Nageen Sharma
Craniosacral therapy
Faisalabad, Punjab, Pakistan
Years of experience 3

Total years in practice: 3

Published Date
November 02, 2010
Abstract Authors
Chung-Wah Cheng, Zhao-Xiang Bian, Li-Xing Zhu, Justin C Y Wu, Joseph J Y Sung
Abstract Source
Am J Gastroenterol. 2010 Nov 2. Epub 2010 Nov 2. PMID: 21045817
Abstract Affiliation
School of Chinese Medicine, Hong Kong Baptist University, Hong Kong SAR, China.
Study Type
Research
Therapeutic Substances
Hemp seed
Conditions
Constipation
Therapies
Acupressure, Acupuncture, Herbal Therapy, Tai Chi, Traditional Chinese Medicine
Reference
Abstract Content
OBJECTIVES:
Functional constipation (FC) is a common clinical complaint. Despite a lack of consolidated evidence, Chinese herbal medicine (CHM) has become a popular alternative treatment for this condition. The aim of this study was to assess, with a rigidly designed study, the efficacy and safety of a CHM proprietary medicine, Hemp Seed Pill (HSP), in optimal dosage for treating FC.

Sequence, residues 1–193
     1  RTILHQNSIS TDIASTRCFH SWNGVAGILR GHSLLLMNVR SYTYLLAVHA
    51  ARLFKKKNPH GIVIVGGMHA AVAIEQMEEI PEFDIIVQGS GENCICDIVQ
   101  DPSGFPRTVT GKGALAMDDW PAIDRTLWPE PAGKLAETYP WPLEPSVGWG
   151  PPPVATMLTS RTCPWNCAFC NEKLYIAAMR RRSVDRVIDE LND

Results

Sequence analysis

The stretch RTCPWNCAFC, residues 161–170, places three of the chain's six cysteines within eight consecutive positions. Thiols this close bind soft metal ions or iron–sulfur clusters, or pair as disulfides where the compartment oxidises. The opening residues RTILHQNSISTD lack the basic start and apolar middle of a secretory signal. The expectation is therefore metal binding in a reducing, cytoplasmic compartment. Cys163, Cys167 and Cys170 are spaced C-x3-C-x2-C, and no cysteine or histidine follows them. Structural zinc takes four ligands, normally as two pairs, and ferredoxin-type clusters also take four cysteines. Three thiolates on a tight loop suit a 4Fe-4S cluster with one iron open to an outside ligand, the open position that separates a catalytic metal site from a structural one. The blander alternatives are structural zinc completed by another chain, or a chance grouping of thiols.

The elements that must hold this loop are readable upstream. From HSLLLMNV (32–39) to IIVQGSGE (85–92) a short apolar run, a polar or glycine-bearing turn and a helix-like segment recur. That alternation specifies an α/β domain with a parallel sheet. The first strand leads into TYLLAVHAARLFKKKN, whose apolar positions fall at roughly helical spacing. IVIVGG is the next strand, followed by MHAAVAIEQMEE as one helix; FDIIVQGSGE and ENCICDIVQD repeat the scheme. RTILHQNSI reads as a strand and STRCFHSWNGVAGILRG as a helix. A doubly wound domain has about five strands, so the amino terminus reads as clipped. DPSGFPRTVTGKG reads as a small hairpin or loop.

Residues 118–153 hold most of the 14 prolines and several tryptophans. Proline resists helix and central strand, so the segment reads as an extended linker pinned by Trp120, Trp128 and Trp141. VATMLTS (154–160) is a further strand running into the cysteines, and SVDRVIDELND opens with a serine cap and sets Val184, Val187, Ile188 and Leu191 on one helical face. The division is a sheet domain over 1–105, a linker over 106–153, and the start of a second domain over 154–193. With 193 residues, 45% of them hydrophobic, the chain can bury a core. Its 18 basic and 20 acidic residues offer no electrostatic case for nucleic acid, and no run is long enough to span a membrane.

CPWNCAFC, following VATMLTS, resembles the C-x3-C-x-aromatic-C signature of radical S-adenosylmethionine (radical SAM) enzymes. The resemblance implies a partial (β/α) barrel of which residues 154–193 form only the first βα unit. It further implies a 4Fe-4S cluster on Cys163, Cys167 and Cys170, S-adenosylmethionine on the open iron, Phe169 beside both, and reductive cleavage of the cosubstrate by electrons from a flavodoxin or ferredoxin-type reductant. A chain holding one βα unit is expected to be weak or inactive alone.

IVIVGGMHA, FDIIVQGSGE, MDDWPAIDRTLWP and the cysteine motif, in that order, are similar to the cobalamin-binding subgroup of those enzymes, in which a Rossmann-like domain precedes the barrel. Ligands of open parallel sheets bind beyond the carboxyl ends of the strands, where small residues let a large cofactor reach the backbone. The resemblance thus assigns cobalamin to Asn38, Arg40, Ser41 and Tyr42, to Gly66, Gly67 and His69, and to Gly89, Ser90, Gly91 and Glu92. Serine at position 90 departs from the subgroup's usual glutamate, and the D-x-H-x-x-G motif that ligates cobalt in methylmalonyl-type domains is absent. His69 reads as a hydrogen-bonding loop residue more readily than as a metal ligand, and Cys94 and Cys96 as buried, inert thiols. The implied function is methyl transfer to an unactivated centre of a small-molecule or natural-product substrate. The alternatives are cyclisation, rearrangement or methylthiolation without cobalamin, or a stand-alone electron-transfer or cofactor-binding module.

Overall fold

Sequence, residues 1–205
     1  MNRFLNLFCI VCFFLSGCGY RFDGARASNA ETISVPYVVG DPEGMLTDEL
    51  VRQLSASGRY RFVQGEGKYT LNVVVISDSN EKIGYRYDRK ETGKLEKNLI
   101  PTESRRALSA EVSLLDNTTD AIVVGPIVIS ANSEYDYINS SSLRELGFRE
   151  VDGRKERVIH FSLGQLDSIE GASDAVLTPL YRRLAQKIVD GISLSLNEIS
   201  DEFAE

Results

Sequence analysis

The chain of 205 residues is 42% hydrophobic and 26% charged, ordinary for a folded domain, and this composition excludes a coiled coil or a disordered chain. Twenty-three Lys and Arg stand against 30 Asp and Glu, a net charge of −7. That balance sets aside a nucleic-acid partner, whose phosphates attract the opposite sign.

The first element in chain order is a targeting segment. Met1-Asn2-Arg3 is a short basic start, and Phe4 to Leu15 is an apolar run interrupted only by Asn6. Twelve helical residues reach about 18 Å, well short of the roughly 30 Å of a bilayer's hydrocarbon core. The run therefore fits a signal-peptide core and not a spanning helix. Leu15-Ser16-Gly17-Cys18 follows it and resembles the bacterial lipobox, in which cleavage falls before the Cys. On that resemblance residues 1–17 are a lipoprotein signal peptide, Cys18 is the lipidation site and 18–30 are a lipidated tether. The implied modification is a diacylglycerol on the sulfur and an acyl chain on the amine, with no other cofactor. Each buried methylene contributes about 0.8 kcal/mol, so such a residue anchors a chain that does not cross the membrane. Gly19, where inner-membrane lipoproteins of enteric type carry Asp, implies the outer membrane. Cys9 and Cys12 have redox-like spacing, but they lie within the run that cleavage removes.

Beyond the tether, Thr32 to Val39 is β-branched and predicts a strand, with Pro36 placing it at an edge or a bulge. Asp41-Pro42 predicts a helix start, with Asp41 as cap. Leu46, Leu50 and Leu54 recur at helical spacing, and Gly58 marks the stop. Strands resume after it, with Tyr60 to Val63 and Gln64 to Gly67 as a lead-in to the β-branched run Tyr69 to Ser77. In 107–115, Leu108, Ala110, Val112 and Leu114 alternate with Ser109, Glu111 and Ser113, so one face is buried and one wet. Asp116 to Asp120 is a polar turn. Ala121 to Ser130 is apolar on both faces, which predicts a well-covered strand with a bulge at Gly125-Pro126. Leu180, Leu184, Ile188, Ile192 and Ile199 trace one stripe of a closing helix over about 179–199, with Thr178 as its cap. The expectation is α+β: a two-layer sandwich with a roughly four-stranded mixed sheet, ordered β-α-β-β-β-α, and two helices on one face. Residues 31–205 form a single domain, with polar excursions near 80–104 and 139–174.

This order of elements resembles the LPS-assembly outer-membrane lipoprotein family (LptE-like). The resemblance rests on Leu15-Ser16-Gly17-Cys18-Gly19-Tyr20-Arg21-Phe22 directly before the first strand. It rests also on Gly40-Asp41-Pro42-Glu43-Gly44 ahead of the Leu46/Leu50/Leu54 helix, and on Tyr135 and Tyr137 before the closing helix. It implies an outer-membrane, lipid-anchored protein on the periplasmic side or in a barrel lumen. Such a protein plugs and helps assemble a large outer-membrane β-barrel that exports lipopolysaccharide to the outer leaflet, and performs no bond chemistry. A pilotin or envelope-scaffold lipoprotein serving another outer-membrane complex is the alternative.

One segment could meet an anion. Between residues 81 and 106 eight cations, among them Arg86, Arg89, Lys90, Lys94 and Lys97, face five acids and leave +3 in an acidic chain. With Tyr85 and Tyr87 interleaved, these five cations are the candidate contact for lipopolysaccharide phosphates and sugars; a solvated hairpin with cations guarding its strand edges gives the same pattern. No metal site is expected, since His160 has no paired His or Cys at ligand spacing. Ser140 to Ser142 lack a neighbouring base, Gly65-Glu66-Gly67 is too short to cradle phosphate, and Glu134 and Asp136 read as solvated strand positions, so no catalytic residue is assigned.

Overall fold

METHODS:
This study comprised two parts: trial I, a dose determination study, and trial II, a placebo-controlled clinical study. In trial I, the optimal dosage of HSP was first determined from among three doses (2.5, 5.0, and 7.5?g b.i.d.). In trial II, a randomized double-blind study, the efficacy and safety of HSP for FC patients (Rome III criteria) in excessive syndrome as defined by traditional Chinese medicine (TCM) theory were compared with placebo. All participants in trials underwent a 2-week run-in, an 8-week treatment, and an 8-week follow-up. The primary end point was the responder rate for complete spontaneous bowel movement (CSBM) during treatment. Participants with a mean increase of CSBM ?1/week compared with their baselines were defined as responders. Secondary outcome measures included responder rate during follow-up, individual and global symptom assessments, and reported adverse effects (AEs).
Results:
The dose of 7.5?g b.i.d. showed better therapeutic effect than that of 2.5 and 5.0?g b.i.d. among 96 subjects (32 per arm) in trial I and was therefore selected for comparison with placeboin trial II. In trial II, 120 subjects were randomized into two arms (60 per arm). Responder rates for the HSP and placebo groups were 43.3 and 8.3% during treatment and 30.0 and 15.0% in the follow-up period, respectively (P
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